My work casually travels within arenas of installation, sculpture, performance and photography. A ceramic pinhole camera is used to capture a single image on paper or film. The final product is both the silver gelatin photograph documenting one moment in time as well as the device, which recorded that image.
I started out as a sculptural ceramic artist. I primarily focused on a hybrid combination of animals with human characteristics. Over time, I noticed that the sculptures, when viewed in a larger space, created a context. I realized that by capturing this larger tableau, I could broaden and reinforce my concepts. Photography was a natural medium to capture my visions of life, art and time because of its ability to freeze time into a visual experience.
As new ideas for installations began to manifest, I decided to use clay to make the props. First, it was easier to make a giraffe or camel than it was to rent one. Clay was ideal because of its immediacy, and because of the ways each property of the material lent itself to different capabilities. For example, after using raw clay in an installation, I could easily recycle it back into mud to be reused for the next idea.
The idea to dump my Minolta and make my own cameras came about during my last visit to Southern Italy. The camera that I used to create my prior photo installations broke. There was no convenient place to get it repaired and there was no cell reception to even locate an online site that would be able to help me. I was left with the sobering, though liberating, decision to work with the natural resources around me. I grabbed a shovel and dug up mud from a nearby creek. Pulling from my long history of working with clay and other materials, I started to form a shape that resembled a rudimentary camera. I used muck and random bits of hay and rocks to hold the device together. The camera was designed with slits to insert the paper and holes to capture the light. The first image I shot appeared to be of a boy running on the beach from his shadow. The image was fantastic. Upon returning to my New York studio, I quickly reengaged with that moment in Southern Italy. I turned the wet clay into a ceramic camera in the kiln and processed the silver gelatin film in my dark room.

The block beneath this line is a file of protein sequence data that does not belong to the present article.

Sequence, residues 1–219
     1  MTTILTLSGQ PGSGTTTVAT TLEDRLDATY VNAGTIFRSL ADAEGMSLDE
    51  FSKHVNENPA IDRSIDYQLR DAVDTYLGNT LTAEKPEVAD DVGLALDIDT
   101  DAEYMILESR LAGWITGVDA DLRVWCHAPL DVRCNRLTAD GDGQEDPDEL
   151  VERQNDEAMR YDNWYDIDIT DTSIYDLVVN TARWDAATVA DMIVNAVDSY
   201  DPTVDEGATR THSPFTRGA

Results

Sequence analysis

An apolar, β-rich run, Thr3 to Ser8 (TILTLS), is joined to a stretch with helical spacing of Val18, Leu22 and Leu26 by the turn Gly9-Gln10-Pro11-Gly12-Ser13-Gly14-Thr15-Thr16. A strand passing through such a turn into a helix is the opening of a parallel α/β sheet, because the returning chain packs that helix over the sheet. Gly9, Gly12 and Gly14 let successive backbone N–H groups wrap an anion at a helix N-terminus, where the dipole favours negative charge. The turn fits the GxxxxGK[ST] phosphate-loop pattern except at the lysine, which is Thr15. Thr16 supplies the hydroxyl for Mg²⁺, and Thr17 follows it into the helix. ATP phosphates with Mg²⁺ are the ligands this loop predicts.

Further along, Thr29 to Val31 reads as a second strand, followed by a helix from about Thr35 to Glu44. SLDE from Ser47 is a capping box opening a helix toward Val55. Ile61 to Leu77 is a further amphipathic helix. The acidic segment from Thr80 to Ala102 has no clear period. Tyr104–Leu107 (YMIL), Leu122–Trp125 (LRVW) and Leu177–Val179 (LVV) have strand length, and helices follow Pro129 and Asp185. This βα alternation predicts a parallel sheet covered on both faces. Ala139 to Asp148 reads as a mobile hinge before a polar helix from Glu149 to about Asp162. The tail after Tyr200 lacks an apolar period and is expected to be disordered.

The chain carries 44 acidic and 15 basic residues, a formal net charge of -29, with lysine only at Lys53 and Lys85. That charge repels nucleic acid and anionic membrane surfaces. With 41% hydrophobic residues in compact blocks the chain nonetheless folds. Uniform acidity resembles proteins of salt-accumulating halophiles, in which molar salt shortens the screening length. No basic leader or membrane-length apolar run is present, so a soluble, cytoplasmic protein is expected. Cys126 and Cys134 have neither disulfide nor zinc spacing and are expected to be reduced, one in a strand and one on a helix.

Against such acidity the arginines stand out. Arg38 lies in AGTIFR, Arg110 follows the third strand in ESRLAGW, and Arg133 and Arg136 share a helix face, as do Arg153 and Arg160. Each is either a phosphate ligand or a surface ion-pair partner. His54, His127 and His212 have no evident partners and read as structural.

This story of how the ceramic cameras came to be is reflective of my own set of technical rules that drastically challenge and alter how I work with materials. Rough edges, irregular margins, and haphazard tonal range are suggestive of retraced borrowed memories from my grandfather and the working-class way of life that he experienced when coming to America as an Italian immigrant. My grandfather utilized these informal methods when he used recycled wine bottles to fill in behind a retaining concrete wall or when he made moonshine in our 50-gallon fish tank. As a teenager, my grandfather encouraged me to learn how to paint houses with my left hand so I could work twice as long and not get tired.
My subject matter is typically the family and, most specifically, the relationships between a father and son. The specific moments in time that I create strive to produce art that triggers emotions and memories for the individual viewer.
Technically, I could shoot and print a clean picture, make a fine pot or well-designed sculpture, but that would be boring and unrepresentative of my need to explore new territory. Working in the studio allows me to work through many questions that I have always had. But, as in any field of learning, my research results in more questions that need to be answered.